The proposed 16-mile connector was designed to start at Route 5 and cut through small winding roads and the Mattawoman and end at Indian Head Highway. Eleven subdivisions with more than 2,000 homes were proposed, and were seen as likely to lead to more storm-water runoff laced with sediment and nutrient ­pollution — and foul the Chesapeake.

Mattawoman Creek is like many of the bay’s tributaries. It’s good looks are only skin deep. Below its emerald tree canopies in Mason Springs are waters with shrinking populations of yellow perch, white perch, herring and largemouth bass.

Walking through the area last week, Mason Springs Conservancy board member Ken Hastings explained how storm-water runoff from development, floods and sewage overflows have eroded and reshaped its banks, widening them, slowing the current, making the area less attractive for fish.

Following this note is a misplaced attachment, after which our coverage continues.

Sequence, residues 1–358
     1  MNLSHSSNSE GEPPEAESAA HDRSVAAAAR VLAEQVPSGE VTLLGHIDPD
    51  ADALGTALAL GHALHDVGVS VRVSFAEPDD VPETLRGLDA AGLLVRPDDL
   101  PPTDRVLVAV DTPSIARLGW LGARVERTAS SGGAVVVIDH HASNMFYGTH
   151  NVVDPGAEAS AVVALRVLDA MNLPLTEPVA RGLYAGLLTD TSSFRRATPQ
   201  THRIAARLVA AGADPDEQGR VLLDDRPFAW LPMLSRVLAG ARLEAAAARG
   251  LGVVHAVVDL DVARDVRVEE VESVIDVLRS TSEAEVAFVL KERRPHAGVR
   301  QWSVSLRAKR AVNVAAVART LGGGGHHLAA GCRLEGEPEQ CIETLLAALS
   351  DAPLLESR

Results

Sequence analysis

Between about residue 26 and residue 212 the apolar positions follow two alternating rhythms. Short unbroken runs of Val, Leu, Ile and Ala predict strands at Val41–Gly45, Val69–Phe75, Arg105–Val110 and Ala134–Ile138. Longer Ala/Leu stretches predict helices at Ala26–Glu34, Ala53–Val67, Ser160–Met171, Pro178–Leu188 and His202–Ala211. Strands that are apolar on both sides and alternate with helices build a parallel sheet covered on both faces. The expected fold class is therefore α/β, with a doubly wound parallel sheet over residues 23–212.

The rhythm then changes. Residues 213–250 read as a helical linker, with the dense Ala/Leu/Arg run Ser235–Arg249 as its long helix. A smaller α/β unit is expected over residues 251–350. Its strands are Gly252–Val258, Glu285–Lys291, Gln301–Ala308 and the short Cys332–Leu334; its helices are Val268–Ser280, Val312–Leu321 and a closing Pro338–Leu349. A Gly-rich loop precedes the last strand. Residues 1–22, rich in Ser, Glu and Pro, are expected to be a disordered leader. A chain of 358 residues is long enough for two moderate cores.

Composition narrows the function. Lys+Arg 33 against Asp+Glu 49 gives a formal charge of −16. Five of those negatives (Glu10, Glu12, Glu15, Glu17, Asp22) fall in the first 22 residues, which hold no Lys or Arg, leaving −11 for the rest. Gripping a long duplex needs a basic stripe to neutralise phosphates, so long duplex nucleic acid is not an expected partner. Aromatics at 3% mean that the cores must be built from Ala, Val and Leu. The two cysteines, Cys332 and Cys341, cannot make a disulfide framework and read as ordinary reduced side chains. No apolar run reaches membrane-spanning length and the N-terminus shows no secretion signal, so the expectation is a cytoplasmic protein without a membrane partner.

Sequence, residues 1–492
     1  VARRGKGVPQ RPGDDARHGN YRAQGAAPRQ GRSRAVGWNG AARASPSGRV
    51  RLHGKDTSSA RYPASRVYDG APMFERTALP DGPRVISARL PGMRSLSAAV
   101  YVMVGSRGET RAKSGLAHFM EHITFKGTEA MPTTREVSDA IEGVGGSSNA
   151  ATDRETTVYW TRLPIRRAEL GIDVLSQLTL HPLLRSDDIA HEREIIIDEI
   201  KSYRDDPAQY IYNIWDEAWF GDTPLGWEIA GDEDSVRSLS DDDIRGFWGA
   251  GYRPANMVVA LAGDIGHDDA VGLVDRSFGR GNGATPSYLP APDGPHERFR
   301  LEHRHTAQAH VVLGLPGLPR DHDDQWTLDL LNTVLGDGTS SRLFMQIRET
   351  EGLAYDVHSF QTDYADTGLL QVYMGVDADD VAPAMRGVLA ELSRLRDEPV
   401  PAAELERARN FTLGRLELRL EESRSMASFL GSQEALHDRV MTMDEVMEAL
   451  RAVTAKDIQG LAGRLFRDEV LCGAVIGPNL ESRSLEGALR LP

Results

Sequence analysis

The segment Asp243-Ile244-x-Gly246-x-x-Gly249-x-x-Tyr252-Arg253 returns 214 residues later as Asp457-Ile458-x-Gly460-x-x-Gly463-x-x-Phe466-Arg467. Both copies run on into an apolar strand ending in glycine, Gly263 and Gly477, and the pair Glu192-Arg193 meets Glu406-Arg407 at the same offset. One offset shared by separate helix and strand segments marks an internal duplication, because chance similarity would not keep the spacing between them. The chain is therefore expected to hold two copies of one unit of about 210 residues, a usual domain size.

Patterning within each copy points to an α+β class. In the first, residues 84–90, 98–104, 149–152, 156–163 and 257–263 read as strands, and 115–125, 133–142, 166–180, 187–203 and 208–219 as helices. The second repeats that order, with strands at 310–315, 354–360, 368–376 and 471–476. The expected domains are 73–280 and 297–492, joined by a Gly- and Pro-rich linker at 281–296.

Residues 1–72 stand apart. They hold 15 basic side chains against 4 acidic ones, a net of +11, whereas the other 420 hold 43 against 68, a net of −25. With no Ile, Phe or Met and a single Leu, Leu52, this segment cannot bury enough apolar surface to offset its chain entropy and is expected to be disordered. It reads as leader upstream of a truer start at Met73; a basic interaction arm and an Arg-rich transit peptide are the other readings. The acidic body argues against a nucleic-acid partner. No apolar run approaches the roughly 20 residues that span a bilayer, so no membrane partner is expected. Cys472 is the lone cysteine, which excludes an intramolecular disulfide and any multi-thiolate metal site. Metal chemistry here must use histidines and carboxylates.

Yellow perch disappeared from a part of the creek near Route 225 in the 2009 spawning season, and the percentage of herring eggs found in stream samples dropped dramatically between 1991 and 2010, state fisheries biologist Jim Uphoff wrote in an unpublished analysis.

Still, the creek is considered to be the cleanest and most abundant tributary to the Potomac River, and one of the most valuable waterways on the Eastern Seaboard.

When the fourth section of the connector was completed near the watershed in 2010, the county applied for a state non-tidal wetlands permit to go through the Mattawoman — ripping out six acres of wetlands around the creek — and finish the job.

Backs against a wall and facing defeat, activists in groups such as the Mattawoman Watershed Society, the Chesapeake Bay Foundation and the southern Maryland chapter of the Sierra Club made a desperate lunge.